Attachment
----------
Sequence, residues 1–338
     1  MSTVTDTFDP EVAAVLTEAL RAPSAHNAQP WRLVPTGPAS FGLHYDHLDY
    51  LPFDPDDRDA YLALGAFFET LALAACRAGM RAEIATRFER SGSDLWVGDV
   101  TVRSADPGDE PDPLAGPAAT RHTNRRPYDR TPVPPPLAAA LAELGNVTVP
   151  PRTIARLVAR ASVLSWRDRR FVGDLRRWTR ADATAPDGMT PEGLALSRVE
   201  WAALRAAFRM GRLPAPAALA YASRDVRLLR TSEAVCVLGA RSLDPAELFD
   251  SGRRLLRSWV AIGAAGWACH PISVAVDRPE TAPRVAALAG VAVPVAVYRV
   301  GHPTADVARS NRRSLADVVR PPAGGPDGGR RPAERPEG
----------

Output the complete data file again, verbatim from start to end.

Sequence, residues 1–338
     1  MSTVTDTFDP EVAAVLTEAL RAPSAHNAQP WRLVPTGPAS FGLHYDHLDY
    51  LPFDPDDRDA YLALGAFFET LALAACRAGM RAEIATRFER SGSDLWVGDV
   101  TVRSADPGDE PDPLAGPAAT RHTNRRPYDR TPVPPPLAAA LAELGNVTVP
   151  PRTIARLVAR ASVLSWRDRR FVGDLRRWTR ADATAPDGMT PEGLALSRVE
   201  WAALRAAFRM GRLPAPAALA YASRDVRLLR TSEAVCVLGA RSLDPAELFD
   251  SGRRLLRSWV AIGAAGWACH PISVAVDRPE TAPRVAALAG VAVPVAVYRV
   301  GHPTADVARS NRRSLADVVR PPAGGPDGGR RPAERPEG